By: Tim Young
rdinarily, I like
to begin these monthly letters with a quote. Something light and pithy to sum up a given issue's theme. It might be a little funny or maybe vaguely inspiring, but it's always
designed to work with the central topic of the issue while accurately representing our editorial take on the topic.
However, if you hunt around for quotes about security, they're all conspicuously disdainful of security as a concept. Notable quotes are generally the product of people who have done great and noteworthy things. They've led armies and nations and won prizes for both war and peace. They've cured diseases, run corporations, pioneered and invented. They've achieved these things by risking it all â€” just ask their biographers â€” throwing caution to the wind and making bold gambles, security be damned.
What makes a much less impressive quote is this: Security enables growth, fosters communication and generally makes it easier to live, learn and do business. Security allows for the growth of a modicum of trust.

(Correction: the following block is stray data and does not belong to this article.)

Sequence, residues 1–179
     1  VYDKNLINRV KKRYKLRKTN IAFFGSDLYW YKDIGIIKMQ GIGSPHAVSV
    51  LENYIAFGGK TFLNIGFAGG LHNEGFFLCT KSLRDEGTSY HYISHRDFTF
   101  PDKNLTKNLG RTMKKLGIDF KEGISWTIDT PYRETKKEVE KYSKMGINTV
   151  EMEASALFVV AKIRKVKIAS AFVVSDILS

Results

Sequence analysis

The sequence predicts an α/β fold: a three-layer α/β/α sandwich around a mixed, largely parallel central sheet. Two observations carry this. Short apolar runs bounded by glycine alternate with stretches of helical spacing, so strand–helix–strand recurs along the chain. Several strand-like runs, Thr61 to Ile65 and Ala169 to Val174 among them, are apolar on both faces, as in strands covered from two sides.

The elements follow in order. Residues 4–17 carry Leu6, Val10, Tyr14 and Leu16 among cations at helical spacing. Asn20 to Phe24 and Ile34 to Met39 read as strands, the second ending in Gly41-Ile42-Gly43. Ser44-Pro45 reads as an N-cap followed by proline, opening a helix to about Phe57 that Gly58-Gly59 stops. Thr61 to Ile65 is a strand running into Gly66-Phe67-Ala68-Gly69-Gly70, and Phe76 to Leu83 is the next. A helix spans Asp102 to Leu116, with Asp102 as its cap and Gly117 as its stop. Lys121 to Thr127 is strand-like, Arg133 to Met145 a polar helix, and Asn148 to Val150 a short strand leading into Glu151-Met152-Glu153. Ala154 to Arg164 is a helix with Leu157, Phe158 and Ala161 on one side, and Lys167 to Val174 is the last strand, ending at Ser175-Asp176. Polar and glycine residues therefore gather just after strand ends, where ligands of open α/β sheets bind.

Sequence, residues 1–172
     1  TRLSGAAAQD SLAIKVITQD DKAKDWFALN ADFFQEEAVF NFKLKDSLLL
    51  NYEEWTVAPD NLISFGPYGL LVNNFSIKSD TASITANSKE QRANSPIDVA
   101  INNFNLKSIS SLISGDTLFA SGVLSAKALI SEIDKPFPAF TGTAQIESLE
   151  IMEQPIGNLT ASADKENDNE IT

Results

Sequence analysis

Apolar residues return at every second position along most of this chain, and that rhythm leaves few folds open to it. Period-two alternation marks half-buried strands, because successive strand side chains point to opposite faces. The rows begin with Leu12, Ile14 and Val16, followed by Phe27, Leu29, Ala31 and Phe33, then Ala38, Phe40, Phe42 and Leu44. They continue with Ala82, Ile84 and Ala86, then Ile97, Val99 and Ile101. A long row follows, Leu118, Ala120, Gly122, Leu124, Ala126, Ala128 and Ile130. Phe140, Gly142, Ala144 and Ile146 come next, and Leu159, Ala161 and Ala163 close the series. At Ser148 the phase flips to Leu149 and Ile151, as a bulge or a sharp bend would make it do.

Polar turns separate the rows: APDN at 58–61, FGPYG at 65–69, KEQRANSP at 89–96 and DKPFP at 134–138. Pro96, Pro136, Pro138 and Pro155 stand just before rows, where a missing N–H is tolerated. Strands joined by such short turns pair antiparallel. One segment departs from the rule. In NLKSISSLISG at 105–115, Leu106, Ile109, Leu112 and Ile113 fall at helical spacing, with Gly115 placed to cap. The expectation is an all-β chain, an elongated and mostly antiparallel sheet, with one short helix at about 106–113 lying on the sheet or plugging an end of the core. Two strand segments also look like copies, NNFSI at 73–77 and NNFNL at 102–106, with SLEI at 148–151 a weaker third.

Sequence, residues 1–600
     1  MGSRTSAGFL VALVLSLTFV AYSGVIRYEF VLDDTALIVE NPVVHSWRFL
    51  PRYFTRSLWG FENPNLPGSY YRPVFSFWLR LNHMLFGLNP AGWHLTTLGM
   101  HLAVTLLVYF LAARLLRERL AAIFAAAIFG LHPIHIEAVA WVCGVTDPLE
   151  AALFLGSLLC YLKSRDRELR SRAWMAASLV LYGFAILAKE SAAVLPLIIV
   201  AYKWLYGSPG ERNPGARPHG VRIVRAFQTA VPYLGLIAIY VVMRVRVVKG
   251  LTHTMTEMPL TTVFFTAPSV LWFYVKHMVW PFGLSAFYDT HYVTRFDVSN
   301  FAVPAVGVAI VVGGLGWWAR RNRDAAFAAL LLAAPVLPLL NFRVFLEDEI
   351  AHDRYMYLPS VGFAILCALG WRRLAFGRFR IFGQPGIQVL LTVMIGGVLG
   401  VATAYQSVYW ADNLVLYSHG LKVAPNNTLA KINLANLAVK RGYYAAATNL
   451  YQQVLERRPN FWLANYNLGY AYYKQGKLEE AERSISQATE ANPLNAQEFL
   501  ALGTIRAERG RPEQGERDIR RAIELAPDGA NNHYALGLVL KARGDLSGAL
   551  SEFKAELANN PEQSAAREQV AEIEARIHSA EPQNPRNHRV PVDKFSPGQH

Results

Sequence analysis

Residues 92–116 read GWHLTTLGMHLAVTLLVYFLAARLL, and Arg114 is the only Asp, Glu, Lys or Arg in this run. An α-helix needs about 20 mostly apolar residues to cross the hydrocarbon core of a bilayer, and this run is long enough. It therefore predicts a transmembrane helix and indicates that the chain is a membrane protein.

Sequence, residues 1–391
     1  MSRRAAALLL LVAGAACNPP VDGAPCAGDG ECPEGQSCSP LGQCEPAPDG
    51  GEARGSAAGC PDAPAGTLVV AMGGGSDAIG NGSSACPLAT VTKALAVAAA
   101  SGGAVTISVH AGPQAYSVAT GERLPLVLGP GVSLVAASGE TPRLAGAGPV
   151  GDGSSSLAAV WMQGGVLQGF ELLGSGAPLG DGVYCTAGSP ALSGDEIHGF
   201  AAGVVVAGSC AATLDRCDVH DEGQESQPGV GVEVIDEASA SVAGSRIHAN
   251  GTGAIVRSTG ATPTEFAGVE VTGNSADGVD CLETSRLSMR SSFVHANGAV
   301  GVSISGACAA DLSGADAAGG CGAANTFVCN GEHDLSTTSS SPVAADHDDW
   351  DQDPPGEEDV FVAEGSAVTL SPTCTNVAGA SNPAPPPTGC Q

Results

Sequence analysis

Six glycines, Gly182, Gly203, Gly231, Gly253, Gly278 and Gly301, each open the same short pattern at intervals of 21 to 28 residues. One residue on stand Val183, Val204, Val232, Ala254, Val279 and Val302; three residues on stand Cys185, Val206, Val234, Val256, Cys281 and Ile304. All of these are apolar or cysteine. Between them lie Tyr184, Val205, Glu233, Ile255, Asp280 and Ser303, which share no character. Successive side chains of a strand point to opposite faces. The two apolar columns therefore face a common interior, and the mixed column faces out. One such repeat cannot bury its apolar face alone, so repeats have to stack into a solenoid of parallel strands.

In this issue of Pipeline we discuss security and the different angles from which communications service providers must approach it as networks grow, change and become more complex. We address the changing paradigms of security delivery, including security as a service and security for external devices and developers. We examine the problematic implications of ubiquitous M2M and discuss how communications IT can help customers and businesses avert today's telecom scams. Weâ€™re also pleased to feature an article from Tim McElligott on data center security in an era of virtualization. And we go global to discuss how security is playing a role Down Under, and how uncertainty between two major global powers is complicated by the intersection of globalization and suspicion.
Being pragmatic, safe and sound isnâ€™t always attractive, but when it comes to business, it generally beats the alternativeâ€¦ no matter what the daredevils say. We trust youâ€™ll enjoy the issue.
All the best,